A wee note on Calvin’s (wordy) sermons

Lest we hastily accuse Calvin of extraneous verbiage, we would do well to recall the distance between the sixteenth and twenty-first centuries. In her extraordinary collection of essays The Death of Adam: Essays on Modern Thought, Marilynne Robinson notes that ‘Cauvin and his supporters seem to have been intent on consolidating a revolution, one in which religion was as central to the imagination of the project as political liberty would be in the eighteenth and nineteenth centuries, and economics and nationalism in the nineteenth and twentieth. Traditionally European societies instructed their members in approved beliefs through rituals, processions, feasts, fasts, pilgrimages, and iconography. Geneva replaced all that with hour upon hour of sermons and lectures, and a system of education that was compulsory for all children and free for the poor … If all these lectures and sermons seem a poor exchange for pageants and altarpieces, it is well to remember the Renaissance passion for books, and for the languages and literatures of antiquity, first of all the Bible. Cauvin’s virtuosic scholarship could be thought of as monumental public art, by analogy with the work of contemporaries like Michelangelo’ (pp. 199–200). And Bernard Cottret, in Calvin: A Biography, recalls that ‘Calvin was never so much a man in his time and of his time as in his sermons’ (p. 289).

This spoken proclamation – which was, in Calvin’s mind, the prime purpose of his preaching – was then transposed into written form as a result of the ‘company of strangers’ who, from 29 September 1549, arranged for Calvin’s sermons to be recorded in shorthand by Denis Raguenier, then transcribed, printed and published. A basic list of Calvin’s sermons is available in Appendix 7 of Cottret’s volume (pp. 354–5). Between 1549 and 1564, Calvin preached verse-by-verse through Psalms, Jeremiah, Lamentations, Micah, Zephaniah, Hosea, Joel, Amos, Obadiah, Jonah, Daniel, Ezekiel, 1 and 2 Thessalonians, 1 and 2 Timothy, Titus, 1 and 2 Corinthians, Job, Deuteronomy, Isaiah, Galatians, Ephesians, Harmony of the Gospels (during his last five years), Acts, Genesis, Judges, 1 and 2 Samuel, and 1 Kings. Some ignorant librarians sold many of the volumes for the weight of the paper. A search of the lost sermons means that we now possess about 1500 of them. Cottret recalls that the Opera Calvini includes 872 sermons, while a further 680 are in the process of being published elsewhere, particularly in the Supplementa Calviniana. The manuscripts are held in the Bibliothèque Publique et Universitaire in Geneva, the Bodleian Library in Oxford, and Lambeth Palace in London. (See Cottret, Calvin, 289n5).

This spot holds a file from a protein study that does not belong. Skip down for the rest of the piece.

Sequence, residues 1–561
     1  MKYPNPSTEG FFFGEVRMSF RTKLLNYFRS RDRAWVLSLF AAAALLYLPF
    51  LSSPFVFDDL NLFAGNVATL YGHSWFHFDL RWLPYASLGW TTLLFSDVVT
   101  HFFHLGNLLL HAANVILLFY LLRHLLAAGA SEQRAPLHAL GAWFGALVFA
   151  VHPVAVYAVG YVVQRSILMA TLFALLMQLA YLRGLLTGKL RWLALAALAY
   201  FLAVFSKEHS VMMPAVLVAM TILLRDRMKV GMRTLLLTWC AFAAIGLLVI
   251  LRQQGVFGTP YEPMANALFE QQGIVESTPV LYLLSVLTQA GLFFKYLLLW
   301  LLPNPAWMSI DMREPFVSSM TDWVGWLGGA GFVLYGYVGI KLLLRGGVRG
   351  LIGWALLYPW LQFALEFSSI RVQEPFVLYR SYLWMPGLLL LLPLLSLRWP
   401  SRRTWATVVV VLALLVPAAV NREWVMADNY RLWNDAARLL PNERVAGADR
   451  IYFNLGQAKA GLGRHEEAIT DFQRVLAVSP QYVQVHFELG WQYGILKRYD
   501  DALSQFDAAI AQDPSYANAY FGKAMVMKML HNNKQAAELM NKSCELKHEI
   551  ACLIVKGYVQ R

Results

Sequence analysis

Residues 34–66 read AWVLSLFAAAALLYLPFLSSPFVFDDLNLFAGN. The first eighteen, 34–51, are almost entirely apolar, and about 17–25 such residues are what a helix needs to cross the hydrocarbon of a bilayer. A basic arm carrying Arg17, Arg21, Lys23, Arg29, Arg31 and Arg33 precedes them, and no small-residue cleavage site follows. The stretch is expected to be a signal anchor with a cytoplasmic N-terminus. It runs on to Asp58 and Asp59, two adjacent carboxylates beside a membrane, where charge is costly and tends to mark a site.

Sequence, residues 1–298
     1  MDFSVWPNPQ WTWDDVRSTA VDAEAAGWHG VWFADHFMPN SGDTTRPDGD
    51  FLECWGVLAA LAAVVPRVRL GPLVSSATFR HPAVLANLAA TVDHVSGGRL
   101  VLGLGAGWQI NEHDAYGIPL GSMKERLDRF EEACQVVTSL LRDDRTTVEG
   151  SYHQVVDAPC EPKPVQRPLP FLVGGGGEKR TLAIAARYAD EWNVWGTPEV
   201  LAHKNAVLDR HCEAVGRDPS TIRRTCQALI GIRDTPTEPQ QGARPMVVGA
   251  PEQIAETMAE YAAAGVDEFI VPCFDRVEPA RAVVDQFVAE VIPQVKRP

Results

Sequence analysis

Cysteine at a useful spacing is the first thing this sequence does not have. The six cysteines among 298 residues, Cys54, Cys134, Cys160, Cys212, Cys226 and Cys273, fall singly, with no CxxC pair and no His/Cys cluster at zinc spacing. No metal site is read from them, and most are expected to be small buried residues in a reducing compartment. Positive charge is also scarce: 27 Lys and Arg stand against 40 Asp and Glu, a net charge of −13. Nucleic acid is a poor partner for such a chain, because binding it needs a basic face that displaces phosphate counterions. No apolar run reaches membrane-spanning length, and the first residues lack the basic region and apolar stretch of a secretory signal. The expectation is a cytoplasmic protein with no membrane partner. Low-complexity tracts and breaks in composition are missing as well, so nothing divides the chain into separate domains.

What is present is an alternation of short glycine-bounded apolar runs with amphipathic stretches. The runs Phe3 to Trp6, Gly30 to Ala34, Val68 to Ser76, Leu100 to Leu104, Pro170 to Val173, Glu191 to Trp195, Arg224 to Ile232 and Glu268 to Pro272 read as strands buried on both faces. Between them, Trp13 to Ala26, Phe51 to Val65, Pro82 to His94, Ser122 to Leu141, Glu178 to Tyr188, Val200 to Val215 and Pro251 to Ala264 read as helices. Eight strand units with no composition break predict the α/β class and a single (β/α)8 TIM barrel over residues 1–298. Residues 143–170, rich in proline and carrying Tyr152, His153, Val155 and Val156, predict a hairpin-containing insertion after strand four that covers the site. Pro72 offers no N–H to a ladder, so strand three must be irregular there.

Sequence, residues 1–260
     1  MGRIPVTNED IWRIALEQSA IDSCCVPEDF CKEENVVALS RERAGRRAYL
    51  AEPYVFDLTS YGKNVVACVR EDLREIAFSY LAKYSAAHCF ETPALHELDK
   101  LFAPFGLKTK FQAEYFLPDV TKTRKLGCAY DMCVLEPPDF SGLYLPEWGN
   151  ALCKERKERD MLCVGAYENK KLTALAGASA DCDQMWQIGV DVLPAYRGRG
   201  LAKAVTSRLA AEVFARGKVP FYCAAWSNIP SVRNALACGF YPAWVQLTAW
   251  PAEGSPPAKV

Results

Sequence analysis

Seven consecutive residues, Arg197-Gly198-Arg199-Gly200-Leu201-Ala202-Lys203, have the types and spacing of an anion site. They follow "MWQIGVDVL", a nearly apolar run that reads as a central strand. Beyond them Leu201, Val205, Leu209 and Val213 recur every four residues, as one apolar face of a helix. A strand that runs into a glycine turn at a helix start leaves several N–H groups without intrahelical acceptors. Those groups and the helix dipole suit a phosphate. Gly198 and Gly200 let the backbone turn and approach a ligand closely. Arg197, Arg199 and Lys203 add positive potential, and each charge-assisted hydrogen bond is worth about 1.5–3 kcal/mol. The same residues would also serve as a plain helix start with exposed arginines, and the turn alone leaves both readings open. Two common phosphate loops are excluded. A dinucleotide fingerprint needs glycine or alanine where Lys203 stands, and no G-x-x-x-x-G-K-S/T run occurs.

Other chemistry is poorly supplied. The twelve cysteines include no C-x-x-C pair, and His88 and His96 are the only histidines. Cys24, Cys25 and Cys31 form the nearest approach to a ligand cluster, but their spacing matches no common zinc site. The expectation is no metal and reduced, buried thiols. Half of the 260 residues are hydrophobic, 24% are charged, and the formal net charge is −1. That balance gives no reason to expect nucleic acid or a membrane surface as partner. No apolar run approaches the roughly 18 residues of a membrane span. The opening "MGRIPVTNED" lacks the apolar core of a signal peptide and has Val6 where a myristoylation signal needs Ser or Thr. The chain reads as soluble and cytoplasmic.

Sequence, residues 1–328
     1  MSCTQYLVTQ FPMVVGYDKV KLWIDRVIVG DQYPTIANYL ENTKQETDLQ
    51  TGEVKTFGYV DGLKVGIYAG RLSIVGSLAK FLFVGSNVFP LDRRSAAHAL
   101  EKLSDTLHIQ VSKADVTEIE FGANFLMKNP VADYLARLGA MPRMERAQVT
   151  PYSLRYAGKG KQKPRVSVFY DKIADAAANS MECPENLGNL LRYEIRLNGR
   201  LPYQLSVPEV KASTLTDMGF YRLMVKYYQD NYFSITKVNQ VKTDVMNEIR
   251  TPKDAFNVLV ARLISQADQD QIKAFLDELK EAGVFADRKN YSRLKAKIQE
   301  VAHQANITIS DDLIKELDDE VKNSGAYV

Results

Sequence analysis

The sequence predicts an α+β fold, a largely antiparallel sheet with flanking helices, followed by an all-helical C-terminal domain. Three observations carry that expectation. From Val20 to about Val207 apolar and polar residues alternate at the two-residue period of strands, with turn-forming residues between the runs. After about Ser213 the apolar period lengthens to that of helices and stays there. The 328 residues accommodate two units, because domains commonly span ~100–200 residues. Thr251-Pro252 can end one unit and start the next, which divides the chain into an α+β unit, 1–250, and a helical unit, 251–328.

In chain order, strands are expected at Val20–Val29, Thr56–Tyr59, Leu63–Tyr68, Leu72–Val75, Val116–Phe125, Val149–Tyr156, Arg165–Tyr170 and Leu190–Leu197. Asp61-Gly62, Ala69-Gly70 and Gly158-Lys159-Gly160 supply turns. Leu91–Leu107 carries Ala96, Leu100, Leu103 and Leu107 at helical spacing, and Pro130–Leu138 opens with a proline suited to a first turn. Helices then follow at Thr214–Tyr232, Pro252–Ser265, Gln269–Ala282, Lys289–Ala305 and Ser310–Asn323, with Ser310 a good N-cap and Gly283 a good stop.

Those wishing to read more on Calvin’s preaching might consult the following:

By the way, those interested in Calvin’s view of Scripture might check out:

One comment

  1. What began as a very dim thought has grown into a very strong conviction, namely, that calvinism for all of its goofs might well be the real source of a truly liberal and moral spirit, that the nature of its contructions of doctrines could most assuredly be the real intellectual spring for the renewal of civilization. In fact, it is my prayer and hope that we shall have a Third Great Awakening (like the First and Second and the launching of th Great Century of Missions) that will be again the flowering of an understanding of the nature of revealed theology, biblical theology, and how it could create a civilization and culture so winsome that it will converted all of mankind for a 1000 generations. After all, a seed as innumerable as the stars of Heaven, the sand of the sea, and the dust of the earth is such a humongous number as to call for some 20,000 or more years and the spread of mankind to the stars. If believers in Sovereign Grace could just get it straight that such love compels with an open, winsome hand, a salvation os wonderful that one can’t resist it.


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